New kinds of mushrooms are popping up in grocery stores, leading to questions from cooks and consumers. What are the leading varieties, and how do you select and store them?
1) Chefs have always loved mushrooms, and now so do home cooks. "Mushrooms are the hottest item in produce," said Willie Itule, owner of Itule Produce in Phoenix, which ships mushrooms to Arizona stores and restaurants daily. Mushrooms have an earthy taste, are low in carbohydrates, and contain no fat, cholesterol or sodium. Select mushrooms that are smooth, firm and unblemished. Handle with care - mushrooms bruise every time they are touched. Do not wash before storing. Keep them in a paper bag in the refrigerator for up to a week. Before cooking or serving, rinse quickly in cool water, drain and shake off water.
2) The white, or agaricus, is the most common variety. Whites vary in color from creamy white to light brown and in size from small, or button, to jumbo. Their mild and woodsy flavor intensifies when cooked. Serve raw as an hors d'oeuvre, or use as a garnish in salads. They also can be saut?ed and served as a side dish, or added to soups, sauces and stuffings.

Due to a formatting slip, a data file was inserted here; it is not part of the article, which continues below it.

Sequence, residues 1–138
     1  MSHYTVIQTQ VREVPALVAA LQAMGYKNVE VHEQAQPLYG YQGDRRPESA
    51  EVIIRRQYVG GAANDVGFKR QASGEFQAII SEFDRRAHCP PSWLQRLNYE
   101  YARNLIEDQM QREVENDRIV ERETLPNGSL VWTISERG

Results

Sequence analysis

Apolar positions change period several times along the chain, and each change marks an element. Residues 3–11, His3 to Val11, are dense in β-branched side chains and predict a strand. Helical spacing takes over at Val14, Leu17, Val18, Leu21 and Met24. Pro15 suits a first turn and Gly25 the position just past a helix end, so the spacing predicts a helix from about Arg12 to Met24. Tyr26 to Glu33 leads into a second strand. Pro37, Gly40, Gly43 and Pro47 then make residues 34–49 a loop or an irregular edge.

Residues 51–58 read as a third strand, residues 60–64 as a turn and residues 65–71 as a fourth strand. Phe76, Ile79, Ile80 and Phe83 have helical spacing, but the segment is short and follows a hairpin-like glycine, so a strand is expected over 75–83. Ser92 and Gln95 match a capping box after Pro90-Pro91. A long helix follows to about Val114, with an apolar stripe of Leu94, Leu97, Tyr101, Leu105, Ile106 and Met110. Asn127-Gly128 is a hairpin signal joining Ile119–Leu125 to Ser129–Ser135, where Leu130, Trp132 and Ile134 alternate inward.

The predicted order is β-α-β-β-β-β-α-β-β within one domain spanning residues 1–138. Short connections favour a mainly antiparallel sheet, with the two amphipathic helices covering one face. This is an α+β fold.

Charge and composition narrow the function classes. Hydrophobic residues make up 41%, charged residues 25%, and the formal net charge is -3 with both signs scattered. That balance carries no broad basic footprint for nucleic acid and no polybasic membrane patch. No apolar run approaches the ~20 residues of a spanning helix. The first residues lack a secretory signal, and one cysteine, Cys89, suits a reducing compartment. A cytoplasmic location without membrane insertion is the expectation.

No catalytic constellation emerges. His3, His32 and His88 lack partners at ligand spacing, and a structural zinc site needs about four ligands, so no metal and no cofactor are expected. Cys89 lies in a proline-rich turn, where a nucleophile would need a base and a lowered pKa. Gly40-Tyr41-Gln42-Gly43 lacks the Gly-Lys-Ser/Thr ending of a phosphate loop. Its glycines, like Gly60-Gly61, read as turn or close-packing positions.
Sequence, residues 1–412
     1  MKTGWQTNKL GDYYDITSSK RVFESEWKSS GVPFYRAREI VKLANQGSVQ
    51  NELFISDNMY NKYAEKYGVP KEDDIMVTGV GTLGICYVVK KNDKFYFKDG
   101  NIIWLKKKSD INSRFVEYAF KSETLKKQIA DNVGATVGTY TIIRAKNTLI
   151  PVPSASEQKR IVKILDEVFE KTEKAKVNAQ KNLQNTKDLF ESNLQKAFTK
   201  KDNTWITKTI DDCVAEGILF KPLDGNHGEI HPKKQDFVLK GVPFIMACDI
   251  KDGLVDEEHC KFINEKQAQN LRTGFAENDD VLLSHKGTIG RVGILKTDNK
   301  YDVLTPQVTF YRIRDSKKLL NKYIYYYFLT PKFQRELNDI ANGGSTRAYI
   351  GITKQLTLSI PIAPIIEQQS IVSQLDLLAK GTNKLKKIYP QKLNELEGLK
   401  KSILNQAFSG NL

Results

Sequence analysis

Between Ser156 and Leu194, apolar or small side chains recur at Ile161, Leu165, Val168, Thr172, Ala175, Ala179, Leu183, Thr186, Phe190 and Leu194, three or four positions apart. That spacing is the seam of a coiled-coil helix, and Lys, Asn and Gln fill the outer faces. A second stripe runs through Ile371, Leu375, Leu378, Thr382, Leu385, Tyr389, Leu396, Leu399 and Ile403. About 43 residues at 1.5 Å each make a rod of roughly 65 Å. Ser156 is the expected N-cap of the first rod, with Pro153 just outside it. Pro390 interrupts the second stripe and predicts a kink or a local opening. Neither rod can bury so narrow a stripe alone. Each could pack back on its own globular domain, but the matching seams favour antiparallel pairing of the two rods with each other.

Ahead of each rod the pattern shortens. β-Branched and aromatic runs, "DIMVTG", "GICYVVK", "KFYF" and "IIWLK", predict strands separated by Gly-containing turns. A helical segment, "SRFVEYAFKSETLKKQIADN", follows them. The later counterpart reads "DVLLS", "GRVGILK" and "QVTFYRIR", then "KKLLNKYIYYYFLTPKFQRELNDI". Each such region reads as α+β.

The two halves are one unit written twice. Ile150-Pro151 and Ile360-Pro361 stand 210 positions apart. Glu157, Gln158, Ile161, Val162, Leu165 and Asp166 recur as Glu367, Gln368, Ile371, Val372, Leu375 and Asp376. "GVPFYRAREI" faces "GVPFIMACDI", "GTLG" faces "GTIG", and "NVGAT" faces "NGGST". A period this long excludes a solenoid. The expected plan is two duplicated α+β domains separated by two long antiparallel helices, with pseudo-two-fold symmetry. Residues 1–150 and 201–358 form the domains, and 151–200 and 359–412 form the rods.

3) Italian brown, or crimini, look similar to whites but are light tan to rich brown. They have a deeper, denser and earthier flavor than whites. These hearty, full-bodied mushrooms pair well with beef, wild game, vegetables and Italian pasta dishes.
4) Shiitake, or Chinese, mushrooms range in color from tan to dark brown. Their umbrella-shaped caps have a soft, spongy texture. This richly flavored mushroom acquires a meaty texture after cooking; in fact, shiitakes are best cooked, and work well with most cooking techniques. The mushroom adds a meaty flavor to stir-fries, pastas, soups, stews and side dishes.
5) Oyster mushrooms are fluted, graceful and range from soft brown to gray. This mild, delicate variety is best when cooked. Oyster mushrooms go well with chicken, veal, seafood and pork. Saut?ing with butter and onions brings out the full flavor. Add to soups and sauces.
6) Portobello is a crimini that is allowed to grow. It's larger, heartier and can reach 6 inches in diameter. Portobellos have a meatlike flavor and dense texture. Grill for a vegetarian burger, or stuff for appetizers. Add portobellos to stir-fry dishes, sauces and hearty vegetarian casseroles.
7) Enoki looks like a flower with a long, slender stem. It has a mild, light flavor with a slight crunch. Use raw in salads and sandwiches.